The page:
Point 1: Defining the Scope of Implementation for Our Project
This was our initial point of ideation . After several brainstorming sessions and team consensus, we thought that tackling innovation within the biofuels industry would be the most interesting and most realistic problem to solve given our constraint in time and resources. In order to learn more, we decided to reach out to Frank Fields, part of the California Algal Biotechnology Lab at UC San Diego. Established in part by a national initiative to further biofuel research across the United States, this particular lab's interests include expression of therapeutic proteins in algae and the structure of the chloroplast ribosome .
Frank helped us focus on some of the most relevant challenges in biofuel production, including:
- Producing on a scale large enough to actually contribute to energy needs
- Operational costs - this arose primarily from two issues:
- Lack of complete feedstock utilization made it an inefficient process
- These settings were often susceptible to bacterial contamination
- Achieving price parity with fossil fuels
Frank also cautioned us about this last concern in biofuel production, noting that the PI of the lab, Dr. Stephen Mayfield, had started several relevant companies in the biofuel industry, including Solazyme and Sapphire Energy. He mentioned that one of the biggest reasons that recent interest in biofuel had dipped was that the renewable energy has heavily struggled to achieve economic parity with oil prices . Because the government agencies refrained from increasing already-substantial subsidies for farmers, biofuel production eventually began to lag, leading to a complete stop in the industry. Thus, he thought that if our project was to be successful, it had to somehow lower production costs on a sizable industrial scale.
We were extremely thankful for Frank's comment that biofuel production was a very niche issue that would be difficult from both an industrial and entrepreneurial perspective. Thus, we decided to broaden the scope of our project to a bio-production platform to have a more tangible impact. This achieved two things: (1) It allowed for a general implementation of our project, offering versatility in its end products and introducing the quality of modularity, (2) It allowed us to incorporate our original goal of addressing some potential shortcomings in current biofuel production methods if the environment was optimal.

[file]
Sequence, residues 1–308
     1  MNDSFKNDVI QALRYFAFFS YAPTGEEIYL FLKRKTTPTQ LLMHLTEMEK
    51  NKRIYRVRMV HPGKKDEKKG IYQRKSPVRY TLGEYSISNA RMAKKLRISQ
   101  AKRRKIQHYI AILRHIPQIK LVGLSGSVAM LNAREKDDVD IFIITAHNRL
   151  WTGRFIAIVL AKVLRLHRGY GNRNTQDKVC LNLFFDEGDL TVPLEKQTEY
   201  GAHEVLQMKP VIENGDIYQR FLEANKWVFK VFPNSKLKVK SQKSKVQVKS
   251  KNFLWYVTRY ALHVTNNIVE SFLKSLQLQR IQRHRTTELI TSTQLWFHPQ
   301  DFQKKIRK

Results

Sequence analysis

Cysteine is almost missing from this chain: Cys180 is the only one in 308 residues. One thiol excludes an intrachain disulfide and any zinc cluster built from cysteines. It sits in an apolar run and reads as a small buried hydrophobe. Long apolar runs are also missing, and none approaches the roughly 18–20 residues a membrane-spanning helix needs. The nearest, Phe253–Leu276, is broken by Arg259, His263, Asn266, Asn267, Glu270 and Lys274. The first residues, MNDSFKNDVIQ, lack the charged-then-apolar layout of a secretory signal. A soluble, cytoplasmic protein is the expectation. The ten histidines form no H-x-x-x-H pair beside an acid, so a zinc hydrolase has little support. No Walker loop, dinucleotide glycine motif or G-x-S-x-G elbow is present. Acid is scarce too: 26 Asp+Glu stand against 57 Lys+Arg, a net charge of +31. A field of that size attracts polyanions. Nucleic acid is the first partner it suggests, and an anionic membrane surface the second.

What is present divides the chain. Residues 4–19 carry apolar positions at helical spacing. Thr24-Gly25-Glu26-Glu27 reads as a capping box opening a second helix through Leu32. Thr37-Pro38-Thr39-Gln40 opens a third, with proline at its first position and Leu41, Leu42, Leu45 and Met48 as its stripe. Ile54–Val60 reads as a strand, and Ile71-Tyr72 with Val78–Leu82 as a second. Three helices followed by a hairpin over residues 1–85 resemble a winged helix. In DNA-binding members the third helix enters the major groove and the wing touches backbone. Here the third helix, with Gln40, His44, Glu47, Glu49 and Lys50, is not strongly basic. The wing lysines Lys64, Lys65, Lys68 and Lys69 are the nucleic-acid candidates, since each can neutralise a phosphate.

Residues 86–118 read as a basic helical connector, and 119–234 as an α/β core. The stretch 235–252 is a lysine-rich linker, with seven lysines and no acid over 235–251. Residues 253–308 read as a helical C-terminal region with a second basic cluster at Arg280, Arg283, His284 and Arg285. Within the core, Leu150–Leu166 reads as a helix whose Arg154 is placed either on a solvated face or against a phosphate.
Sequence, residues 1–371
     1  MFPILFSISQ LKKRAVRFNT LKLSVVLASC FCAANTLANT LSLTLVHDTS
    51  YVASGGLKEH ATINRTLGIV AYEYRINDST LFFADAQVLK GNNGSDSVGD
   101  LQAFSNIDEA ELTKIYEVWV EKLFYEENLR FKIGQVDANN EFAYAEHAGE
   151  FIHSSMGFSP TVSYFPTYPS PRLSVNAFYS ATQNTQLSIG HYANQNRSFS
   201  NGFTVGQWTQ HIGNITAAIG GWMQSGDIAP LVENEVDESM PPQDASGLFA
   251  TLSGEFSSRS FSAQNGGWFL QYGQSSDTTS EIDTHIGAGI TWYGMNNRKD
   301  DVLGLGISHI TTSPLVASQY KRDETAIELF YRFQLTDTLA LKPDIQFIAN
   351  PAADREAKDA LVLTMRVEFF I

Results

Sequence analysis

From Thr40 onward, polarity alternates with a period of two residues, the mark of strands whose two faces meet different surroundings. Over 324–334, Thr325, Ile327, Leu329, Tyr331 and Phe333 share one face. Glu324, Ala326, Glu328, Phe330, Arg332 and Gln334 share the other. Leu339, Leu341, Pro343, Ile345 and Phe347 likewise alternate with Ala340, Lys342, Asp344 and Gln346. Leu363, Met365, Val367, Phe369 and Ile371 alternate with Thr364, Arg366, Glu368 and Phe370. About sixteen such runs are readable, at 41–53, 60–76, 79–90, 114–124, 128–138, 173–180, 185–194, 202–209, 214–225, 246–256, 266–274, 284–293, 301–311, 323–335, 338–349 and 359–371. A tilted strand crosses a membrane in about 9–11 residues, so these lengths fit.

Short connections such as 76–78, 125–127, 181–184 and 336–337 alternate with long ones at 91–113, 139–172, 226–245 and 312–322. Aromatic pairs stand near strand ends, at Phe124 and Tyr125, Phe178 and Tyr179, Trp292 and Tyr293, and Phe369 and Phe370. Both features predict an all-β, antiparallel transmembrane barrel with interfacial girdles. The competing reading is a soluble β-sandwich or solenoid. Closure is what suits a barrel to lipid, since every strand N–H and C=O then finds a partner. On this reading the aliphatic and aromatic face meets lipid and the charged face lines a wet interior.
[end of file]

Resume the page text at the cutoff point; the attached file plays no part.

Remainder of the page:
Point 2: Gaining Insight on Current Problems in Biologics Manufacturing and A Possible Solution
After our discussion with Frank, we also decided to get a more in-depth perspective of the challenges in metabolic engineering and associated fields. We reached out to Novogy, a Boston-based company that specializes in bio-based production of food, fuel, and pharmaceutical substances. This was particularly beneficial to us because talking to an industrial setting would allow us to see a cursory version of what we wanted to implement. Thus, we got in contact with Dr. Shaw, Senior Research Director .
Dr. Shaw helped us focus on the experimental approach that we planned on taking. He encouraged us to make sure that our approach was:
- Less susceptible to bacterial contamination
- Relatively easy to implement
To help, he also pointed us to a recent paper that he had published entitled Metabolic Engineering of Microbial Competitive Advantage for Industrial Fermentation Processes. In this technique, scientists engineered metabolic pathways into host organisms that allowed them to use unconventional compounds that contained nitrogen and phosphorus, allowing both bacteria and yeast to outcompete potential contaminants.
Dr. Shaw' s main concerns guided us throughout the project because it allowed us to have an end product that would actually have industrial relevance. We decided to tackle each point through further consultation.
Going back to Frank's point, we realized a key point of achieving economic parity with fossil fuels would be decreasing or eliminating the risk of bacterial contamination. We decided that implementing the ROBUST Method would provide a viable solution to this problem . In our research on industrial fermentation processes, we learned that the fact that glucose could be easily metabolized by many organisms, including potential pathogens, contributed to contamination.
We decided to implement the method in microbial organisms to synthesize valuable, unconventional carbon sources as feedstock that could similarly prevent contamination for our bio-production platform.
Point 3: Establishing Criteria for Carbon Source Selection
Up to this point, our team needed to decided what carbon source could serve as an alternative to current food-based crops that served as feedstock. We decided to talk to Dr. Dan Wichelenki at a startup in Virginia called Bonumose Biochem LLC which is currently involved in the synthesis of artificial sweeteners. We felt that this was most beneficial because it allowed us to understand the criteria for having an industrially viable manufacturing process, which was one of Dr. Shaw's key points.